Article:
Realizing Gains Without Owning Shares Via Leveraging Cash

Noah Kiedrowski - INO.com Contributor - Biotech


Introduction

I’ve written many articles highlighting the advantages options trading and how this technique, when deployed in opportunistic or conservative scenarios may augment overall portfolio returns while mitigating risk in a meaningful manner. Here I’d like to focus on leveraging cash-on-hand to engage in options trading, more specifically selling covered puts. In laymen’s terms, I’ll cover option variables, an example, strategy and empirical results with commentary.

The Questions

1. Why buy a stock now when you can purchase the stock in the future at a lower price while being paid to do so?

2. Why buy stocks at all when you can make money on the underlying volatility without ever owning the shares?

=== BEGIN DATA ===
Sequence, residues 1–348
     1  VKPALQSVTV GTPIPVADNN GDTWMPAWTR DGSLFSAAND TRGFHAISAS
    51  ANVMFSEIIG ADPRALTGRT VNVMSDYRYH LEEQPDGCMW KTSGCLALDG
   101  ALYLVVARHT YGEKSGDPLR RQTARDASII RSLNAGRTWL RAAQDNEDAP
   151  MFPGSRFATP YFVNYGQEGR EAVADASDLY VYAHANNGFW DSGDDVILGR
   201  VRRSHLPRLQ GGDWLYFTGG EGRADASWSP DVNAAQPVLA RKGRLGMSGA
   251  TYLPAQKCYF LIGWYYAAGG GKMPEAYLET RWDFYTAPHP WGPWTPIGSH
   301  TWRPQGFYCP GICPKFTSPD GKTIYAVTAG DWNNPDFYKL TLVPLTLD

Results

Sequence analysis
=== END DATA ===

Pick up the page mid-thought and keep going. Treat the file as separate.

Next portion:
Overview

Timing the market has proven to be very difficult if not altogether impossible. However creating opportunities to lock-in downward movement in a given stock one is looking to own is possible. If a stock of interest has substantially fallen to at or near a 52-week low, then one has an option to “buy” the stock at an even lower price at a later date while collecting premium income in the process. Alternatively, it's also possible to make money on the option itself without owning any shares of the company via realizing options premium gains as the underlying stock appreciates in value off its lows. This is called a covered put option, covered in the sense that one has cash to back the option contract. Leveraging covered put options in opportunistic scenarios may augment overall portfolio returns while mitigating risk when looking to initiate a future position in an individual stock. In the event of a covered put, this is accomplished by leveraging the cash one currently has by selling a put contract against those funds for a premium. It's also possible to make money on the option itself without owning any shares of the company via realizing options premium gains as the underlying stock appreciates in value. Continue reading "Realizing Gains Without Owning Shares Via Leveraging Cash"